Security Alliance Chock-Full of Holes

By John Taschek  |  Posted 2001-01-29 Print this article Print

I pity companies that make real products that solve real problems.

I pity companies that make real products that solve real problems. Theyll never be able to compete with the fantasies and myths of todays computer industry. After all, what else could explain the tremendous hype over Ginger, something that no one knows anything about, by an inventor whose best work was in the medical field? Yet the hype is here, and Ginger

(by all indications a motorized scooter) will apparently save the world and be "more important than the Internet."

Can you see the wince on my face? Can you see how hard it is to discuss a similarly hyped tech alliance to battle hackers? Onward Ill go, though. The new alliance is huge, by all indications. It brings together the industrys toughest competitors, including Oracle, AT&T, Cisco, Hewlett-Packard and even Microsoft, a company not known to leap quickly into any technology alliance.

The deal is theyll work together to swap vulnerability stories. Former President Clinton urged the creation of such a committee, and Commerce—and future Transportation—Secretary Norman Mineta (hmm: transportation and commerce? Perhaps Mineta has something do with Ginger) is an advocate of this nonprofit, to be known as the IT-ISAC (IT-Information Sharing and Analysis Center for Information Technology).

On the surface, IT-ISAC sounds wonderful, but theres something wrong with this picture. Each of these companies might provide a general idea as to the kinds of attacks that it is receiving. But no company in its right mind will contribute the important stuff, such as specific exploits or a specific vulnerability in its product.

Theres little chance that these vendors can disclose hack attempts against customers or inherent vulnerabilities in their applications. This leaves IT-ISAC with such thankless tasks as trying to data-mine hackers IP addresses to figure out which hackers are attacking more than one company. In other words, the data they gather wont be valuable.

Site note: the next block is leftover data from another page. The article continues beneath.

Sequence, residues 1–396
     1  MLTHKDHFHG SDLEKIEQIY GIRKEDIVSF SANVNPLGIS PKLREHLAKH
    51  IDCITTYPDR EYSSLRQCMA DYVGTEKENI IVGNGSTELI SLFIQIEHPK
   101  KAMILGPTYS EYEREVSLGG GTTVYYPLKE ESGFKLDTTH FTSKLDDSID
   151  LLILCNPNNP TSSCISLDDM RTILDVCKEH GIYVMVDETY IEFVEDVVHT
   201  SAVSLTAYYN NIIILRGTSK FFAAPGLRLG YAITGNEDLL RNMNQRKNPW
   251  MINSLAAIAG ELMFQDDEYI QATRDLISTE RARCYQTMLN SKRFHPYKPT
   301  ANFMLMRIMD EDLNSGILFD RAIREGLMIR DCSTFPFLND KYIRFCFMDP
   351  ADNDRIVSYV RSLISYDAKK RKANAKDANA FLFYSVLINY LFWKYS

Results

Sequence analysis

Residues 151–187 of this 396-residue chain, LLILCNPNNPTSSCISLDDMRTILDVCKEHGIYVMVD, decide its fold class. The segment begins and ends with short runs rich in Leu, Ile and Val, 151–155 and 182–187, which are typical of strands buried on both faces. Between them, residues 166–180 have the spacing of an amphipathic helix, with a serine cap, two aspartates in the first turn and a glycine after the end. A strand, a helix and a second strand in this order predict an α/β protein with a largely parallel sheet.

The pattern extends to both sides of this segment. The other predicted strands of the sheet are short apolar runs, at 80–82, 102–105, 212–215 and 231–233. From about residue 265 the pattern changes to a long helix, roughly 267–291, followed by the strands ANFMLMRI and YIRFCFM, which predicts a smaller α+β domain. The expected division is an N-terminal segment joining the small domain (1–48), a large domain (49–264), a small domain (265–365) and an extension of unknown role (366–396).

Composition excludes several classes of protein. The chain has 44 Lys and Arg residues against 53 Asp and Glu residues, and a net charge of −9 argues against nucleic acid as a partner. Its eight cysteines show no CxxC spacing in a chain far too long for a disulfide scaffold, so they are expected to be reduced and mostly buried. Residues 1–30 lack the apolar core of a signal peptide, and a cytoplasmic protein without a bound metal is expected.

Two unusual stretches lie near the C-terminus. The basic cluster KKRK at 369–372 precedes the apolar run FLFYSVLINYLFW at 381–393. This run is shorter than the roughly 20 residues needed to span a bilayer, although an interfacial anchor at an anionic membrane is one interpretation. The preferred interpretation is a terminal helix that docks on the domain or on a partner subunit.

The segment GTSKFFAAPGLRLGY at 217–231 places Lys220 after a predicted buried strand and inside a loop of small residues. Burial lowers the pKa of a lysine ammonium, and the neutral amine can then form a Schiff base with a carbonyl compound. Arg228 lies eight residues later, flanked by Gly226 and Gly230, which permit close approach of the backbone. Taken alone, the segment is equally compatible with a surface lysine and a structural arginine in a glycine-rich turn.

There is a better, less organized way of dealing with security vulnerabilities. Dozens of high-level organizations track vulnerabilities, including CERT, Security Focus and SecurityWatch. They are collecting real information and are publicizing real vulnerabilities. IT-ISAC is simply being created for the protection of the vendors. The rest of us are on our own.

As the director of eWEEK Labs, John manages a staff that tests and analyzes a wide range of corporate technology products. He has been instrumental in expanding eWEEK Labs' analyses into actual user environments, and has continually engineered the Labs for accurate portrayal of true enterprise infrastructures. John also writes eWEEK's 'Wide Angle' column, which challenges readers interested in enterprise products and strategies to reconsider old assumptions and think about existing IT problems in new ways. Prior to his tenure at eWEEK, which started in 1994, Taschek headed up the performance testing lab at PC/Computing magazine (now called Smart Business). Taschek got his start in IT in Washington D.C., holding various technical positions at the National Alliance of Business and the Department of Housing and Urban Development. There, he and his colleagues assisted the government office with integrating the Windows desktop operating system with HUD's legacy mainframe and mid-range servers.

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